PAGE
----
The BCRPA renews certification to instructors every two years. Within that two years, there are some minimum requirements to maintain certification:
- 16 BCRPA-recognized continuing education credits;
- Up-to-Date CPR A certificate (yearly); and,
- Up-to-date Emergency First Aid certificate (usually every two years).
Is a fitness instructor qualified to answer medical questions?
The short answer: No.
That doesn’t mean that fitness instructors don’t have a basic knowledge of anatomy and they certainly know something about bones and muscles. If they have kept up their training, they may have specialized in one particular area and learned a little more. But...they are not medical doctors, and you should never consider them as such. Nor should fitness instructors ever lead a participant to think that they are experts in anatomy and health issues. A fitness instructor should always ask: “Have you seen your doctor about this?”
Are there any questions a fitness instructor can answer?
Of course! They are knowledgeable about many fitness related topics, such as:
- Why do we do that exercise?
- How can I perform that exercise better?
- What muscle is benefiting from this exercise?
- How should I stretch that muscle?
- What is the name of that muscle?
- Why do we exercise opposing muscles?
- What exercises might be “bad” for me to do?
- What should I do if a muscle hurts during exercise?
- Is there another exercise I can do for that muscle that is easier for me?
- Why do I get so tired in cardio?
- How can I improve my cardio capacity?
- What’s a good breathing exercise to help me relax?
- If I have an injury or an illness, should I come to fitness class?
- What’s the best fitness class for me?
- How can I stay motivated to keep coming to class?
- Will exercise help me to lose weight?
- What should I wear to fitness class?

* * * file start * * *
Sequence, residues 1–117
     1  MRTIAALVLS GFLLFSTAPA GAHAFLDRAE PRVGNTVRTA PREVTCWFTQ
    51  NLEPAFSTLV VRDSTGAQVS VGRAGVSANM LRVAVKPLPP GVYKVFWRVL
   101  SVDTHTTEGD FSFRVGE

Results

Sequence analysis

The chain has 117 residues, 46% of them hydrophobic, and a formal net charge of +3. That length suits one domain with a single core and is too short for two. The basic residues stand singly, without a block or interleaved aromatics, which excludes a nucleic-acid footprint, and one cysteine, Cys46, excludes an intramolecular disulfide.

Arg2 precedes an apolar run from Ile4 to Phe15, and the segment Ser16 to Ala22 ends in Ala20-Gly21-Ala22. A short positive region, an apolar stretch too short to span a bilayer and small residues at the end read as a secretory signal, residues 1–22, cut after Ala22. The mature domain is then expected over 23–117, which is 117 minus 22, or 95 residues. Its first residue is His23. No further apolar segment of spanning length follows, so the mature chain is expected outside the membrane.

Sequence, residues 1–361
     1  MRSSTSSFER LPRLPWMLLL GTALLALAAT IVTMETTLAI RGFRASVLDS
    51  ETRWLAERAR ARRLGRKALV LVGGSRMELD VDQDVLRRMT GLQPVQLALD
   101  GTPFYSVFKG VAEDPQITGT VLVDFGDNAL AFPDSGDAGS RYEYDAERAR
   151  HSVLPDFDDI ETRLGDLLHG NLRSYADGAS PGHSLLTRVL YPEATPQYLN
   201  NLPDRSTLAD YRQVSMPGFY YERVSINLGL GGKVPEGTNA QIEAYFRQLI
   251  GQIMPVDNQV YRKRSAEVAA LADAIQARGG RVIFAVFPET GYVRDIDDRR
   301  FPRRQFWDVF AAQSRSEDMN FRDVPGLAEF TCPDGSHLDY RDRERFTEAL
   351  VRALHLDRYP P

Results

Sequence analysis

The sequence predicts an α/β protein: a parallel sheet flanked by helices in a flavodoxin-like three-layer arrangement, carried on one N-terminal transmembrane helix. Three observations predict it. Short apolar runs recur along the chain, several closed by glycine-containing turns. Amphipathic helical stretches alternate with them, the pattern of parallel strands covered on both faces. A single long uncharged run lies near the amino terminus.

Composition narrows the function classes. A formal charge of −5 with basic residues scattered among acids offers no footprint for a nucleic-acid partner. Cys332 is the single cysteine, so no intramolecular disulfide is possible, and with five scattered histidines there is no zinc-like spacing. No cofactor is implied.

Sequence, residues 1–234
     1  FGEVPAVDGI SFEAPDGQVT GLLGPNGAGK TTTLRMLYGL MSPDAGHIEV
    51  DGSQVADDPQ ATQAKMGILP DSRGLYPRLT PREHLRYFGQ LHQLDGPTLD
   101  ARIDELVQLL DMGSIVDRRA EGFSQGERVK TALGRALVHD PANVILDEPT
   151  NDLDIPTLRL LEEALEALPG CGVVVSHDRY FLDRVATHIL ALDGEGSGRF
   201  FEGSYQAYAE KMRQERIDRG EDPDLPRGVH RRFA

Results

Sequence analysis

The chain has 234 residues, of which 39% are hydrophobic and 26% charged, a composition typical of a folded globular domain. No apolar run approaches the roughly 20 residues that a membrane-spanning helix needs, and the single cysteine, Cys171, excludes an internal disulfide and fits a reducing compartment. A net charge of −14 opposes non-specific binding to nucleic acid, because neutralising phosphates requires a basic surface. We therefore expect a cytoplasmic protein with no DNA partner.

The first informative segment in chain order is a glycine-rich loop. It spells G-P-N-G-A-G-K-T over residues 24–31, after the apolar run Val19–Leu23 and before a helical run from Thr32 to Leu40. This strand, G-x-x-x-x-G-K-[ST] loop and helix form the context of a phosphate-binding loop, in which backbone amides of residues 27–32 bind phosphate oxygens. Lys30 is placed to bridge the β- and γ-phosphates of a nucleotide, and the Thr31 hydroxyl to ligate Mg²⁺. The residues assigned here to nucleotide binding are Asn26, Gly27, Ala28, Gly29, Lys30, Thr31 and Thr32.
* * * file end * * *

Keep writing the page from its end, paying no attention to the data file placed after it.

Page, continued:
Obviously, you can ask your fitness instructor questions. But he/she is not your doctor, your dentist, or your pharmacist. Obviously, some are better trained and more knowledgeable than others. So ask your questions, and a good fitness instructor will tell you if he or she is qualified and knowledgeable to give you an answer.
For more information about fitness instructor training in Canada and British Columbia, see the Canadian Fitness Education Services or the British Columbia Recreation and Parks Association websites.
- Fitness Principles
- Fitness Class Benefits
- Fitness Instruction for the Older Adult: BCRPA Guidelines
- Book Review: Which Comes First, Cardio or Weights?
- Book Review: Body by Science
I am a BCRPA-certified fitness instructor in Vancouver, BC. I teach four classes at the West End Community Centre in Vancouver, BC, mostly designed for the older adult. The Inevitable Disclaimer: Everything published here expresses only my opinion, based on my training and research. What you do with the information is entirely your own responsibility. I am not liable for any injury you suffer that seems to be related to anything you read here. Always consult your doctor before beginning an exercise program. For other articles, return to the table of contents.